Teen Pregnancies Spike Drop Out Rate
WBEZ's Natalie Moore reports.
Shawana Harland recently birthed a baby girl named Arianna.
The baby stays in Shawana's bedroom. Posters of teen idols Rihanna and Lil Wayne hang on the wood-paneled walls – a simple yet tender reminder that Shawana is 14 years old, a freshman at Robeson.
She lives in a two-flat apartment with her parents. Grandma lives downstairs.
SHAWANA: They used to always talk to me about pregnancy and how young girls around the neighborhood carrying babies and stuff. And they was dropping out of school and stuff. And my mama would say, see, don't make that mistake. I made the mistake.
Shawana has had the same boyfriend since she was 12 years old. The same boyfriend she lost her virginity to… he's now her baby's father. She knew about condoms but …
SHAWANA: I don't know. It's like a boy changed my emotions and I took in to a boy too much.
Shawana is one of at least 17 pregnant freshmen at Robeson. Overall, there are about 80 teen parents at the school. And those are just the ones who tell school officials.
Despite her determination, Shawana's at risk of dropping out.
Teen pregnancy contributes to the high-drop out rate at this neighborhood high school. Robeson says it needs more help handling this and other social emotional issues that come in the doors with the kids.
MORROW: The teen parent just needs more female interaction.
Robeson Principal Gerald Morrow.
MORROW: They need more positive women interaction who can also understand their world. A lot of time us folk who are so-called professionals we forget about that element of dealing with where they are.
Morrow attended the funeral last year of one of his students who died in childbirth – a tragedy that shook the school. Morrow says he's seen how complicated life can be for students with babies.
MORROW: We have real issues as in Mr. Morrow I need to leave my child has to go to the doctor, Mr. Morrow need to leave I have to go to WIC, I don't have a daycare. Or I get Mr. Morrow it was down to buying a bus card or buying milk. And you gonna get some people who think that's not the school's role but you cannot disconnect teaching, learning and social, emotional needs.
The principal would ideally like to partner with a parent-child right next door. It could provide daycare. But Morrow says there's no money in his school's budget for that kind of support. The principal at the parent-child center says she doesn't have the money either.
What Robeson does have is this teen parenting class. David Robinson is talking with a dozen or so student parents during their lunch break. It's part of a federally funded initiative. The program is voluntary but uses incentives such as gift cards, diapers and sometimes a pizza party to get students to participate.
IVELISHA: When I did get pregnant I was like oh, I can do it, I can do it. He'll help. But at the end, he tricked me.
Student Ivelisha Woods is in the meeting. Ivelisha is 16 years old with a nine-month-old baby. Ivelisha says her father wasn't there for her. She trusted her boyfriend instead.
STUDENT: If my daddy was there I probably would never have got pregnant cause I felt that love from a man.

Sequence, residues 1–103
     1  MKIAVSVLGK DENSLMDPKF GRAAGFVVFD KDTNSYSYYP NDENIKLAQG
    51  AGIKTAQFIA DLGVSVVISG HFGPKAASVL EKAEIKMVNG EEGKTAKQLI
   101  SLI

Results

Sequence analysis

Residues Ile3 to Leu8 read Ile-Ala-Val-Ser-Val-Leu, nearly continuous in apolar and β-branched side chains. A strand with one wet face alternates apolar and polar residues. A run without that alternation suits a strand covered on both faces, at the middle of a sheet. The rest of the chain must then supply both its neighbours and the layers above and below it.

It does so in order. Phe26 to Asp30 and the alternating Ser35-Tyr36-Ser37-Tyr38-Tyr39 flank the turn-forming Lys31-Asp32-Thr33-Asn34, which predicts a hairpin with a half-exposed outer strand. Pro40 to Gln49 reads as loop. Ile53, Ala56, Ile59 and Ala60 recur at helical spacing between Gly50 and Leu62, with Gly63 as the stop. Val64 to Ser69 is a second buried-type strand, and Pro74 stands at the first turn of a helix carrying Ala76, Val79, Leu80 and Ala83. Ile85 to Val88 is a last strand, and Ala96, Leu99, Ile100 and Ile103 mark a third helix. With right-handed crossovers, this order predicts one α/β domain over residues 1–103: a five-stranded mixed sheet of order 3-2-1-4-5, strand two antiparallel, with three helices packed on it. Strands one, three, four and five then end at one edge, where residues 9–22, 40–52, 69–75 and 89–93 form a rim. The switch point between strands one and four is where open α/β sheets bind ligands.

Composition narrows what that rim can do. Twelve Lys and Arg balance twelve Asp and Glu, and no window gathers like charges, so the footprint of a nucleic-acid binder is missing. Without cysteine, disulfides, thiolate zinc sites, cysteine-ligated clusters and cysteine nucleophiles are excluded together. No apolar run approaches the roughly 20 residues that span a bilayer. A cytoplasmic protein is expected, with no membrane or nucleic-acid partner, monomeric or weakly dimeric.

ROBINSON: That's really a good point. Give Robin a hand because that's personal, she didn't have to share.
Lanky and laidback, David Robinson relates to the students he's trying to help.
ROBINSON: One of the most important or dominant things I see is the rate at which the father's age over the girl is extreme – it's like from 19 to 34.
And that has a ripple effect.
ROBINSON: With them being vulnerable and as a society having a lack of leadership and a lack of fathers, the first older guy that shows any fatherhood characteristics, they attach on to.
The student pregnancy problem extends beyond the
Chicago Public Schools doesn't keep track of student pregnancies. And the district cut its popular Cradle to the Classroom program, where each student had a caseworker. There is one alternative high school for pregnant girls, but the district doesn't fund any pregnancy prevention or other support programs.
Sex education is in the schools focuses more on anatomy than sex and sexuality. If the district wants to improve its graduation rate, it should start rethinking how it can support pregnant teens, says Soo Ji Min at the Illinois Caucus for Adolescent Health.
SOO: if they want to take their child to the doctor that doesn't count as an excused absence.
The caucus helped teen parents across the city do their own research and present it to policymakers.
SOO: Some of it was very, very common sense. More time to get between classes. What we're finding is there're a lot of punitive policies in place that penalize young people.
Instead students need an extra boost once they become parents. Especially those who are already behind academically in underachieving schools like Robeson.
Jackie Chester is with the Chicago Child Care Society. It runs the Teen Parenting Initiative Program that's at several
Shawana's been back in class at Robeson for about a week now and is catching up with her school work. Her daughter Arianna was born in the beginning of January.
MOORE: How was your first day back?
SHAWANA: It was okay?
MOORE: Did you miss the baby? Was it hard?
SHAWANA: A little bit. I was worried about her…'cause she was here with my daddy. You know how that is.
Shawana gets As and Bs, and a few Cs, and wants to go to college. Her teachers say she's one of the brightest in her classes.
SHAWANA: I feel like dropping out of school is the mistake. That's another mistake on top of a mistake. Why would you drop out of school because school is how you gonna take care of child.
Even as a teen mom, if Shawana succeeds in passing into 10th grade next year, she'll be ahead of many of her peers. Most of the freshmen class at Robeson will never make it to senior year.